The Mellon Foundation’s Sawyer Seminars program provides support for comparative research on the historical and cultural sources of contemporary developments. The seminars bring together faculty, foreign visitors, postdoctoral fellows, and graduate students from a variety of fields mainly, but not exclusively, in the humanities and social sciences, for intensive study of subjects chosen by the participants. This program aims to engage productive scholars in comparative inquiry that would (in ordinary university circumstances) be difficult to pursue, while at the same time avoiding the institutionalization of such work in new centers, departments, or programs.

The “Phenomenology, Minds and Media” Sawyer Seminar, convened by Mark Hansen (Literature, VSI, Duke University) and Robert Mitchell (English, Duke University), seeks to consolidate existing interest in the philosophical method of “phenomenology” and to correlate this interest with cognate research being carried out by media scholars, media artists, neuroscientists, philosophers, psychologists, economists, computer scientists, engineers and others in the Duke community and at neighboring institutions. A method that originated in the humanities, and which continues to be developed primarily by scholars of the humanities, phenomenology nevertheless also speaks to recent developments in both the sciences—especially neuroscience—and helps us to understand the ever-increasing importance of media technologies to everyday life-practices. By positioning phenomenology as a mediating link between the humanities, the sciences, and contemporary life-practices, Phenomenology, Minds and Media emphasizes the importance of the humanities for any understanding of the experience of our era of intense technological and scientific mediation.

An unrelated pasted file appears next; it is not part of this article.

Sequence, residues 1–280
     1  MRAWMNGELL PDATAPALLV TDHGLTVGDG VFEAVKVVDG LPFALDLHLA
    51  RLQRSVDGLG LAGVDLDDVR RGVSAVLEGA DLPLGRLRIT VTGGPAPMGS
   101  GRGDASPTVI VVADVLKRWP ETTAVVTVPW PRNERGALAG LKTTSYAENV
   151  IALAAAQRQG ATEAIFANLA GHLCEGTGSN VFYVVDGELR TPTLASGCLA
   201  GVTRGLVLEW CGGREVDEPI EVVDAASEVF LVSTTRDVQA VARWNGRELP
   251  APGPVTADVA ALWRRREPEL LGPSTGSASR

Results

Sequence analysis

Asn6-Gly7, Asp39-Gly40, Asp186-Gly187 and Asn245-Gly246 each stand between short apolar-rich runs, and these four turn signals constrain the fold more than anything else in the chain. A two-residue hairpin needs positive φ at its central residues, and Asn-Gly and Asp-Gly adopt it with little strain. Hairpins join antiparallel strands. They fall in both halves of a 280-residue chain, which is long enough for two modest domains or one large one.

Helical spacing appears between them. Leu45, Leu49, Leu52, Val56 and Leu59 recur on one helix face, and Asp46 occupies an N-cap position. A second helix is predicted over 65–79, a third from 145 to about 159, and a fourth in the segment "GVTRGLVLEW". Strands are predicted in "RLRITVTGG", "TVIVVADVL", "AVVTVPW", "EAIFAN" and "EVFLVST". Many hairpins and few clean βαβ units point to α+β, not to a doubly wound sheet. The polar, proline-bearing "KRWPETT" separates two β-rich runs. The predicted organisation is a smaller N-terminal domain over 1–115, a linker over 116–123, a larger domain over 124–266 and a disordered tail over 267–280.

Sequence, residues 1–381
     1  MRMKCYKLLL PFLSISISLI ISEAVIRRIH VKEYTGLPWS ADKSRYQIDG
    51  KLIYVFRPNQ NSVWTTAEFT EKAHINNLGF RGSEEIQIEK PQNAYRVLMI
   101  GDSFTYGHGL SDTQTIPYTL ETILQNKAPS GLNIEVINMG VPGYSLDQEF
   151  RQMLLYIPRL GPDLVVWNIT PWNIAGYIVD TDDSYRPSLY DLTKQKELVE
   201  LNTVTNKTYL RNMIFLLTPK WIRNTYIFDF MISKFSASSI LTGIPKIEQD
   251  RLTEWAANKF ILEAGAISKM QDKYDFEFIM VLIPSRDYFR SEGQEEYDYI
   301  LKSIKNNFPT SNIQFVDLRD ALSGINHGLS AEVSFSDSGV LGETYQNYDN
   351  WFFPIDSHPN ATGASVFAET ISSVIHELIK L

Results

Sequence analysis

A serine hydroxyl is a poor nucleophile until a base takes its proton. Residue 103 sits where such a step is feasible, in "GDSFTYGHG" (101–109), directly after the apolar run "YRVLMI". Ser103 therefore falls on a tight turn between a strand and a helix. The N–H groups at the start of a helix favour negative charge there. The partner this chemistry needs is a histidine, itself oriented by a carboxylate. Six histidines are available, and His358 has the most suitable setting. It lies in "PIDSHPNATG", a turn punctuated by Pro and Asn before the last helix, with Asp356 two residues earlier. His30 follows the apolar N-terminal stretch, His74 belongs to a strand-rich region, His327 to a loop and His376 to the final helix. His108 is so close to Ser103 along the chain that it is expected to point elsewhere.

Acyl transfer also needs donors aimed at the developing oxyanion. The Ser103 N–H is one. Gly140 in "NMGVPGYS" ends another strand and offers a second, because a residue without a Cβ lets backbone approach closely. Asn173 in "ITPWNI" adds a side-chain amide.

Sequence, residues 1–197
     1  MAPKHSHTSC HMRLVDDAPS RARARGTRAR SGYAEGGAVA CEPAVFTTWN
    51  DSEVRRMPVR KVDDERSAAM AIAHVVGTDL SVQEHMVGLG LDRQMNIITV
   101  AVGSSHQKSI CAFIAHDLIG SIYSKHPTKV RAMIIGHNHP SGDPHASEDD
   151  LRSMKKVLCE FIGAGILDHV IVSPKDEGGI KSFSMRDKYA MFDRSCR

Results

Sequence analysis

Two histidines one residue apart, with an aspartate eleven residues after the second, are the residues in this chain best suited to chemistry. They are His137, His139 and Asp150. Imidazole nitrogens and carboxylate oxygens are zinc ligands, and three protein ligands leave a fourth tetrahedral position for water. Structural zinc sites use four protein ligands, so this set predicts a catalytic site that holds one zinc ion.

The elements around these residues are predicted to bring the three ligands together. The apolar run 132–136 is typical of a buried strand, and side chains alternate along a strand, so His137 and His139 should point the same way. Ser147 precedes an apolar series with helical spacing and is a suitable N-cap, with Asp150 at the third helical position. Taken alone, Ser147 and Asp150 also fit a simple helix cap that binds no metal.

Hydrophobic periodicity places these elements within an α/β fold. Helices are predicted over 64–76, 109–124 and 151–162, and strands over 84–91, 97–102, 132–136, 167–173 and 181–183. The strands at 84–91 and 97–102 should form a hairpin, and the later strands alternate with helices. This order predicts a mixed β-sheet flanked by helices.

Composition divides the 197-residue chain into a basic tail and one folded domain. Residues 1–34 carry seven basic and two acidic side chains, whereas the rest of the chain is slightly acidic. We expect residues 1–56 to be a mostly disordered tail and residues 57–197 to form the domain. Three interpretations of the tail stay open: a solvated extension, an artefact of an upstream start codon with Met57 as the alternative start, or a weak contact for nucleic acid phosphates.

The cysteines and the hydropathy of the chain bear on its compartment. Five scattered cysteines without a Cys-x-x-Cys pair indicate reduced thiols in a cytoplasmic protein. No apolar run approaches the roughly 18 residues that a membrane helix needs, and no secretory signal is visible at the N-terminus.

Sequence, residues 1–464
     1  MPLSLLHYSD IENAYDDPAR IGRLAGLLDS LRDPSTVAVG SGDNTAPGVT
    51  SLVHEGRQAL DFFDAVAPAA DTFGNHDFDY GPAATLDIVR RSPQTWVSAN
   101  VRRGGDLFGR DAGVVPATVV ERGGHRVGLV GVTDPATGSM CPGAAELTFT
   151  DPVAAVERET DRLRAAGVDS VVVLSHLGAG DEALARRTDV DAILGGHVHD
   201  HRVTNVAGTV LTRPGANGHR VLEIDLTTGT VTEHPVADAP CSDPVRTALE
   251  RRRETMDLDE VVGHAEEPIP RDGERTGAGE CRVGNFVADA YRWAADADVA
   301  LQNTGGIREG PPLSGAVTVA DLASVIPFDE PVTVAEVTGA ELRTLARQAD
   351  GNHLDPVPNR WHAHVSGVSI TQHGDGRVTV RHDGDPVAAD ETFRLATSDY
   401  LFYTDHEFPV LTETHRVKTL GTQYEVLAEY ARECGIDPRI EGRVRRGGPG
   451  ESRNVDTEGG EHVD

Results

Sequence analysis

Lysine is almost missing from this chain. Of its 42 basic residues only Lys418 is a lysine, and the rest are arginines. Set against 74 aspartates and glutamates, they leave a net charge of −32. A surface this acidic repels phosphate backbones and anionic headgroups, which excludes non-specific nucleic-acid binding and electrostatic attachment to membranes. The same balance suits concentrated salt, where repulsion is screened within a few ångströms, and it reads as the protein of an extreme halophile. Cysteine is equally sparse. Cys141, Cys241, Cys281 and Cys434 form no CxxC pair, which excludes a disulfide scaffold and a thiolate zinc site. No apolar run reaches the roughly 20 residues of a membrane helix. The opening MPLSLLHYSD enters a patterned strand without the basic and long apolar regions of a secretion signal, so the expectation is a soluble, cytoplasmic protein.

If you have any questions, please email Leonore Fleming.

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